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New Era Newspaper Tuesday January 30, 2018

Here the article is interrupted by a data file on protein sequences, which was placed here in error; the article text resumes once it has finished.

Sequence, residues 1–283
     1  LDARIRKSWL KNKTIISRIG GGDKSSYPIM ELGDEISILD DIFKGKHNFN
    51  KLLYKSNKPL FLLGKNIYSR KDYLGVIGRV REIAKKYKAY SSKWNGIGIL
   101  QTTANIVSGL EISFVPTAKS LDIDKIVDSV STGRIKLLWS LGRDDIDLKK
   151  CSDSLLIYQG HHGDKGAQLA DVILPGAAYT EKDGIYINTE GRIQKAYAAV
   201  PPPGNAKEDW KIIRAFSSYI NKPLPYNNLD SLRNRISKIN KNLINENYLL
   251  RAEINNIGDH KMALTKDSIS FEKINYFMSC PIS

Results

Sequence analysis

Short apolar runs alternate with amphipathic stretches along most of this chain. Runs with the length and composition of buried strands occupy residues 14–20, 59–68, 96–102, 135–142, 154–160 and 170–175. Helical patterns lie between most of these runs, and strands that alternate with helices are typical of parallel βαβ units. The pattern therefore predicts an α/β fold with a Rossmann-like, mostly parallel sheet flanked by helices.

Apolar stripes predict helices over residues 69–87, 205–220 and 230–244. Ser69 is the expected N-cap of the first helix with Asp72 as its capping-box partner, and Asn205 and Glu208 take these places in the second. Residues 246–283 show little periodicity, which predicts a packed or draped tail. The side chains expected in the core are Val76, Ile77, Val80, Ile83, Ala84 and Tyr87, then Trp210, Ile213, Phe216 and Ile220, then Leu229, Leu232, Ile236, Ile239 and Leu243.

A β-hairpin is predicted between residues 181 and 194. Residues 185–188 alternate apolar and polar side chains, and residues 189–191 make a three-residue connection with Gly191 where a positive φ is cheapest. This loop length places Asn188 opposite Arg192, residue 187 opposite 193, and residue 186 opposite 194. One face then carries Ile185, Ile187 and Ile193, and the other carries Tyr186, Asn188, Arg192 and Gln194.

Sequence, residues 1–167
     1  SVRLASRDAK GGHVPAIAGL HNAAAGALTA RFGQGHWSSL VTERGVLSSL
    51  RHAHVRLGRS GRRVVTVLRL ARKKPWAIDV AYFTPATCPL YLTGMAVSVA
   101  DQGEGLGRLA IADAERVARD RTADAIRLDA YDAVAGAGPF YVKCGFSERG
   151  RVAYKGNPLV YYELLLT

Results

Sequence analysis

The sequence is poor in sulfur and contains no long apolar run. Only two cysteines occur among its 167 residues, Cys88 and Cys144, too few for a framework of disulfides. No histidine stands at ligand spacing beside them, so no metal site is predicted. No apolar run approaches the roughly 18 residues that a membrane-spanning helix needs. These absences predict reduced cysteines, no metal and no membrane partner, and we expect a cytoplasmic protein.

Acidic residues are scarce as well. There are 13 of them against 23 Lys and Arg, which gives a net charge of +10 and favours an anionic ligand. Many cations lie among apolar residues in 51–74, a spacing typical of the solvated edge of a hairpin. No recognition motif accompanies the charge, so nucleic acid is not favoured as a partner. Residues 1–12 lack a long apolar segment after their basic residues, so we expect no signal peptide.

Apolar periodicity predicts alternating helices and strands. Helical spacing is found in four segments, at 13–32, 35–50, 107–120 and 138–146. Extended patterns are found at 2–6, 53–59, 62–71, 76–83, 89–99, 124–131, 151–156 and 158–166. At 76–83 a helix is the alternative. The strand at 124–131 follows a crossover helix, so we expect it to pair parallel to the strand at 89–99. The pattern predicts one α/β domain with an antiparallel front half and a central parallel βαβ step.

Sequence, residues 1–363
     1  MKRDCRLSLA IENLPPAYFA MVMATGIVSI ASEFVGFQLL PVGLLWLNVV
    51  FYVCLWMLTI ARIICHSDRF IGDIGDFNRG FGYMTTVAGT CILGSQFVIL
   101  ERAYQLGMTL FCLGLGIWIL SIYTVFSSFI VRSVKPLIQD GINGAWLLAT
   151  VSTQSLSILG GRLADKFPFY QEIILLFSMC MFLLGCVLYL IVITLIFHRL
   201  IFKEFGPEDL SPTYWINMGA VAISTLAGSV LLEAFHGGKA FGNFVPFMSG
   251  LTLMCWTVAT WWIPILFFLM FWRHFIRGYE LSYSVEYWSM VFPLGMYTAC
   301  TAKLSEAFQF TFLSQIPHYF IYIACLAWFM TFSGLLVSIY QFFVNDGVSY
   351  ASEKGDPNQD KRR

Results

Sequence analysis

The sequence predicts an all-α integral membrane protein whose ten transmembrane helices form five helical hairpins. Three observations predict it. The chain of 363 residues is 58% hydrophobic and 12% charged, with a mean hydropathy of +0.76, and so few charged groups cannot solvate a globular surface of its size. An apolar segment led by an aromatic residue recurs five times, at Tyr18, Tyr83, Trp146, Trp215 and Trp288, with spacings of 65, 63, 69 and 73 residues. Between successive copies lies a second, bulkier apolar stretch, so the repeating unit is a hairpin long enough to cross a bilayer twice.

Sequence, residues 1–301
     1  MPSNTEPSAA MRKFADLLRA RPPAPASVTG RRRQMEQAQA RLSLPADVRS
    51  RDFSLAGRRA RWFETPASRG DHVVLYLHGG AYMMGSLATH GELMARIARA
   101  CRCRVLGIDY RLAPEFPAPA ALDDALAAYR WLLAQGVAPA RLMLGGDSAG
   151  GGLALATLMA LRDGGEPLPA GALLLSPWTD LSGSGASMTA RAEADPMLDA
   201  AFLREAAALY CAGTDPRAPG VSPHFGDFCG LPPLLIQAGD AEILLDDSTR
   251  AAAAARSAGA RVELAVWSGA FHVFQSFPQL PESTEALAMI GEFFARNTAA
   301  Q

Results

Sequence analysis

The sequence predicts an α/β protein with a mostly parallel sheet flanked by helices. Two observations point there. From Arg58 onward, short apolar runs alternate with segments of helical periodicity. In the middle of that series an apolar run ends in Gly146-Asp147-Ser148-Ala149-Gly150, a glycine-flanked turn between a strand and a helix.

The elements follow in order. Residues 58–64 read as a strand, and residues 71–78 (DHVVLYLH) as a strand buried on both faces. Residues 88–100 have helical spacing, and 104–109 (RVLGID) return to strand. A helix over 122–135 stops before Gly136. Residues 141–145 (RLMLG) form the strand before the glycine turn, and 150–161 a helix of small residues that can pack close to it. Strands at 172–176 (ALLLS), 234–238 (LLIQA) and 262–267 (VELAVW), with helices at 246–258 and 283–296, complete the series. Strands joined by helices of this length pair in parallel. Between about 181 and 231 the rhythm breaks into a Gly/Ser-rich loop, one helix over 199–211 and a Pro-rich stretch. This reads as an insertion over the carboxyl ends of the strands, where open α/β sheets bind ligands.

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10 Inside BUSINESS Tuesday, January 30 2018 | NEW ERA AG’s office shoots down N million settlement allegation Edgar Brandt Windhoek The Office of the Attorney General has come out guns blazing following an article in a local weekly newspaper that alleges the Attorney-General offered to pay N million to an aviation company to prevent a case from going to court. The article, published in the Windhoek Observer, alleges that Attorney-General, Sacky Shanghala, was considering payment to Expedite Aviation after it demanded compensation following the arbitrary cancellation of an agreement with the Tsumeb Municipality to jointly develop, control and run the Tsumeb airport. While the details of the case may not be discussed in public or in the media as the case is still ongoing, Deputy Government Attorney, Marius Boonzaier, in a letter to the Editor of the Observer, Kuvee Kangueehi, explained that a court case can only be settled between the parties involved and an instruction to settle can only emanate from a client duly advised. “Further, out of court settlement has always been and will continue to be a consideration in any litigation and your depictions notwithstanding, will not erase this facet of legal practice from occurring,” reads the letter. Boonzaier claims that the gist of the article is that the Attorney- General is in breach of his duties and the he ‘callously, wantonly regularly and without regard to the merits of the matters at hand insists on settling matters in exorbitant amounts to the detriment of the State and in a manner depicting him to be incompetent or otherwise incapable of handling the matters which are under his purview as the Attorney-General’. “It is readily apparent from the unsubstantiated, vague and false allegations that you knew (or at the very least should have known), as you went to publish that: The Attorney-General never communicated to/with the CEO of Tsumeb local authority at any time whatsoever in respect of this matter; the Attorney-General never communicated to anyone GRN’s intention to settle the matter out of court; and the Attorney- General has opined expressly, in contradiction to the position you now accuse him to hold.” Boonzaier therefore requested the Windhoek Observer to prove that the Attorney-General communicated with the CEO of the Tsumeb local authority on this matter and to prove that the Attorney-General made up his mind to settle the matter contrary to the position held by his office. Boonzaier added that failure to provide the requested proof as well as failure to retract the ‘unfortunate article’ will result in the Office of the Attorney-General taking a stance to “further pursue its options to restore the public confidence in its head and its constitutional functions, which we believe are critical to the continuation of the growth of a democratic culture and the rule of law in the Republic of Namibia.” The Windhoek Observer received a written warning from the Office of the Attorney-General on January 23, 2018, to retract the statement. The AG’s office was adamant that failure to retract the statement borders on contravention of the sub-judice principle, which states that once legal proceedings become active it is a criminal offence for media to broadcast or publish material that would create a substantial risk of serious prejudice to the proceedings. Bank of Namibia awards eight bursaries Staff Reporter Windhoek The Bank of Namibia last week awarded eight bursaries to undergraduate students as part of the Bank’s corporate social investment and responsibility policy initiatives. The focus of the Bank’s bursary scheme is to make a meaningful contribution to the country by developing skills and strengthening the capabilities in the fields of Economics, Accounting, Auditing, Banking, Information Technology and Education specialising in Mathematics and Science. To a bright future… BoN bursary recipients with Deputy Governor Ebson Uanguta and Human Resources Deputy Director Shirene Bampton. Photo: Contributed To date, the Bank has provided 84 undergraduate bursaries to deserving candidates who would not have otherwise been able to afford tertiary education. This excludes 22 beneficiaries who are currently studying under the bursary scheme. Some of the successful graduates that went through this scheme are in leadership positions at the Bank while others ply their trade at other institutions, thereby making significant contribution in the development of Namibia. This year’s beneficiaries were selected from a pool of more than 800 applicants. The successful candidates (and their chosen fields of study) are: Meriam Kakuwaezi - Actuarial Science at the University of Cape Town; Pombili Shivute - Economics at the University of Stellenbosch; Oscar Taapopi - Chartered Accounting at the University of Namibia; Faustinus Muyenga - Economics at the University of Namibia; Grace Matabele - Economics at the Namibia University of Science & Technology; Diinineni Mwatukange - Education at the University of Namibia; Munionganda Kaujeua - Economics at the University of Namibia; and Innocent Pieter - Economics at the University of Namibia. Speaking at the event, Deputy Governor, Mr. Ebson Uanguta said: “As a central bank, we recognise that capacity building and skills development are fundamental to realising a knowledge-based economy as envisioned in our national development plans. It is for this reason that we continue to invest in a bursary scheme in highly sought areas, to support our young talented people to become knowledge workers upon graduation”. Last year, the Bank, for the first time, awarded two bursaries for postgraduate studies to students who are not staff members of the Bank. The expanded bursary scheme of the Bank will continue this year with beneficiaries expected to be announced soon. The Bank of Namibia says it remains committed to playing its role in building the appropriate human capacity to propel Namibia’s economy to greater heights. Bank Demand Guarantees provide businesses peace of mind in uncertain times • Anton Smit OPINION Daily, businesses in Namibia and around the world enter into agreements for the sale or procurement of goods or services. With it, comes the accompanying risk of losing money from services or goods not delivered. The reality is that losing money can cripple a thriving business, or worse, force its closure. To make matters worse, it takes time, effort and money to try and recover losses through litigation which may not be successful. So how does one deal with this very real threat? One solution to buffering such a potential risk is obtaining a Demand Guarantee from Bank Windhoek. A Demand Guarantee provides contracting parties with peace of mind. This is how Demand Guarantee works: A client will approach Bank Windhoek and provide details of the contract that has been entered into with the beneficiary of the service. The Bank will then issue a Demand Guarantee to the client’s’ named beneficiary; the client’s contractor or supplier. In the event of the Bank’s client defaulting under the contractual agreement with the beneficiary, the beneficiary will simply submit a written demand to the Bank in order to receive payment. A guarantee is independent of the underlying contractual relationship, and the Bank is in no way concerned with or bound the relationship in any way. What this means is that the Bank is obliged to honour claims made by the beneficiary, despite any contrary claims or defences arising from the Bank’s client. Here are some of the seven commonly used types of Demand Guarantees: Tender Guarantee/Bid Bond: This guarantee secures a client’s tender commitment. It pays out on demand by a beneficiary should a client default on the tender submission requirements. Performance Guarantee: Secures a client’s contractual commitments and pays out on demand by a beneficiary when client defaults on the terms of the contract. A prerequisite in terms of the Procurement Act, is an example for both the Tender and Performance Guarantee functions. Retention Guarantee: Mostly implemented in construction projects. A beneficiary can demand payment when client does not rectify faults identified during the warranty period. Credit Facility Guarantee: Used to secure a facility granted by a creditor - pays out when client does not honour payments of the facility. For instance, your company extends “un-secured” credit terms to a client and they fail to pay. Small, medium and large retail and commercial business, regularly make use of this form of guarantee. Payment Guarantee: Its purpose is to secure payment for goods. The Payment Guarantee pays out on demand by a beneficiary when client fails to honour contract. Advanced Payment Guarantee: Mostly used in construction projects, its main purpose is to secure prepayment made by a beneficiary to enable a client to start work. Lease Guarantee: Commonly used by landlords, it forms as a deposit for a lease agreement instead of paying over cash money to a Lessor (beneficiary). Clients thus earn interest on own money. Bank Windhoek’s Demand Guarantees provide business owners, big or small with the peace of mind to make that next deal without any concern. We pride ourselves to keeping abreast with the latest international developments. As such, the Bank’s Demand Guarantees are subject to the International Chamber of Commerce Uniform Rules for Demand Guarantees Safeguard your business today and mitigate the risk of losing money from services or goods not being delivered or provided. *Anton Smit is Executive Officer for Credit at Bank Windhoek Anton Smit